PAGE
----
The Oneida County Youth Bureau is made up of a staff of dedicated people whose mission is to serve the youth of Oneida County. The Youth Bureau is a department of Oneida County created to provide access activities, programs and services to all youth under the age of 21. The Youth Bureau is responsible for planning, coordinating and supplementing the activities of public, private and religious agencies devoted to, in whole or in part, to the welfare and protection of youth.
Oneida County Children Care
Oneida County Children Care, an Oneida County Youth Bureau initiative, recently completed its thirteenth successful year. In 2023, this initiative of civic engagement was a collaboration between the Youth Bureau
and five agencies funded by the county to provide youth programing. The intent of the project is to introduce our children to the invaluable lessons of community service through volunteerism.
“The civic engagement, compassion and drive that is displayed by the youth of Oneida County never ceases to amaze me,” Picente said. “The lessons learned through programs like Oneida County Children Care show our young people the value of helping others and the benefit of community service. The opportunities our partner agencies give these volunteers helps lay the groundwork for our future.”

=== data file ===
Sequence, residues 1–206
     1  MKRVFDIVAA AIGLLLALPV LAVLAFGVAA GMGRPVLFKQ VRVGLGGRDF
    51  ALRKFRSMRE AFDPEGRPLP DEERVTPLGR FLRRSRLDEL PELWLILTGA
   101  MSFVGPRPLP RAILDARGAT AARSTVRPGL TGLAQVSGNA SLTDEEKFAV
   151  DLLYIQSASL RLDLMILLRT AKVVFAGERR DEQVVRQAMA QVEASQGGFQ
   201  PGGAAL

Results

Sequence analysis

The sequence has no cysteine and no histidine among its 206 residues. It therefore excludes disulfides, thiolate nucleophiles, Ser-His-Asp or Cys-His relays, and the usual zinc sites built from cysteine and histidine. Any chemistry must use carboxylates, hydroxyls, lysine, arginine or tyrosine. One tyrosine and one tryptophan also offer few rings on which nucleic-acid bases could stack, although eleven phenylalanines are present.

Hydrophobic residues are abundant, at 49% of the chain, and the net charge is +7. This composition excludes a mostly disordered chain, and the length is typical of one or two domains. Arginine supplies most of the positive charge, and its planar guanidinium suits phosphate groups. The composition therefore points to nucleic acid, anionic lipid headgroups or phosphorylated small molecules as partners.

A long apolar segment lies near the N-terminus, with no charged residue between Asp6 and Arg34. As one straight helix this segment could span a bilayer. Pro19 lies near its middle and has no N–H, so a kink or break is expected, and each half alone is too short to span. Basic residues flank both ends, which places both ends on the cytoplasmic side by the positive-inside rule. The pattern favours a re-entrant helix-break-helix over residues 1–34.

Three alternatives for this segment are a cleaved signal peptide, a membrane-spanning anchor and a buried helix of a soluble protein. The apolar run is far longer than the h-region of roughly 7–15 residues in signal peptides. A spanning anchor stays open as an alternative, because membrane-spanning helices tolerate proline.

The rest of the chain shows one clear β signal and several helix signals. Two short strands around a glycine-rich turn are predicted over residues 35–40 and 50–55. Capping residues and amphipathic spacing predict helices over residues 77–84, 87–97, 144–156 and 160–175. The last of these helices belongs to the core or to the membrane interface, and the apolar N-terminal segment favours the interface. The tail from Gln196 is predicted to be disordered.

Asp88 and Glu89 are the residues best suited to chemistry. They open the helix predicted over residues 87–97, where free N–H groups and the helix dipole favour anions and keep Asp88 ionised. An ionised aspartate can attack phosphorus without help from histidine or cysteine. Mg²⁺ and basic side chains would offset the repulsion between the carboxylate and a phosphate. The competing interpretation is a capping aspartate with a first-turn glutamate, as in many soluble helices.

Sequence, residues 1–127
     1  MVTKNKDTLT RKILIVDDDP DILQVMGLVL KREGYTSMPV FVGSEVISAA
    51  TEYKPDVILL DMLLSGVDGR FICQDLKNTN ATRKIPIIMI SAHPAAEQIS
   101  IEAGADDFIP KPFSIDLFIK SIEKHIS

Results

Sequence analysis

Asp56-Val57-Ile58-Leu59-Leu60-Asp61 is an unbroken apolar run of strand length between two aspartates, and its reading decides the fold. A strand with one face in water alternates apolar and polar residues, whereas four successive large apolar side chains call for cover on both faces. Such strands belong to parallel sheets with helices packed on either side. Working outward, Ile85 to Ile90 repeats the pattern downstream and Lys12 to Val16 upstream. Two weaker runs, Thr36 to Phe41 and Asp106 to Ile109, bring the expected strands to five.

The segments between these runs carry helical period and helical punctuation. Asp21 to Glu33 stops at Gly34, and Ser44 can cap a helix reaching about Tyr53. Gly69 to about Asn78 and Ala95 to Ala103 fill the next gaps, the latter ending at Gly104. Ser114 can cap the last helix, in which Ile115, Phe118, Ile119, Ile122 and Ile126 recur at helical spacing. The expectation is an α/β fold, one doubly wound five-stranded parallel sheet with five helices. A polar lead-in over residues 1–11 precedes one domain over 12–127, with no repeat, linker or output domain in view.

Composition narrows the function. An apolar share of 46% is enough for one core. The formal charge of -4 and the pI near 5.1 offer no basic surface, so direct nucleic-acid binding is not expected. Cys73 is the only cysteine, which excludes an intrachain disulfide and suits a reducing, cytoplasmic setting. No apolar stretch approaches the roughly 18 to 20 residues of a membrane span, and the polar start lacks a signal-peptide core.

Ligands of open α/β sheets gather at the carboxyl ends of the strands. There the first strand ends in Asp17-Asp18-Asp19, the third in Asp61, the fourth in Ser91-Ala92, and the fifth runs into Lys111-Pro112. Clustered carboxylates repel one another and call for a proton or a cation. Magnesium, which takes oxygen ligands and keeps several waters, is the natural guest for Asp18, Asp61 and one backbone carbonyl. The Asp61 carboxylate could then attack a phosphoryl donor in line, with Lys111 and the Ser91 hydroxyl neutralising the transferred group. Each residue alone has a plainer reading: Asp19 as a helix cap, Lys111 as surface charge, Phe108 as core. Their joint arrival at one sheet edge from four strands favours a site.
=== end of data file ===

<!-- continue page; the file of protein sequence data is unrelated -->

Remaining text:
The county initiative partnered last year with ICAN, The Neighborhood Center, Safe Schools Mohawk Valley, Cornell Cooperative Extension and Thea Bowman House.
Youth volunteers performed community service that included providing first-time mothers with comfort bags, sending letters to our troops, peer-to-peer mentoring of refugees, assisting at Anita’s Stevens Swan Humane Society, helping senior citizens at Acacia Village, participating in the Sauquoit Valley Cancer Walk, donating school supplies, cleaning senior citizens’ yards, forming youth leadership groups and participating in holiday food drives.
“The Oneida County Children Care initiative began in 2009 with a goal of teaching our children the invaluable lessons of community service learned through volunteerism,” said Youth Bureau Director Kevin Green. “Our youth-serving agencies do incredible work on a daily basis with our children. Nothing — not tough economic times or the cutting of staff and hours of program operation — has stood in the way of their commitment to teach our youth the value of volunteerism and giving back to their communities. This Oneida County Children Care initiative once again proves that our children really do care.”
Now in its thirteenth year, the Oneida County Children Cares initiative has seen 17,070 youth dedicate 54,344 hours to community service.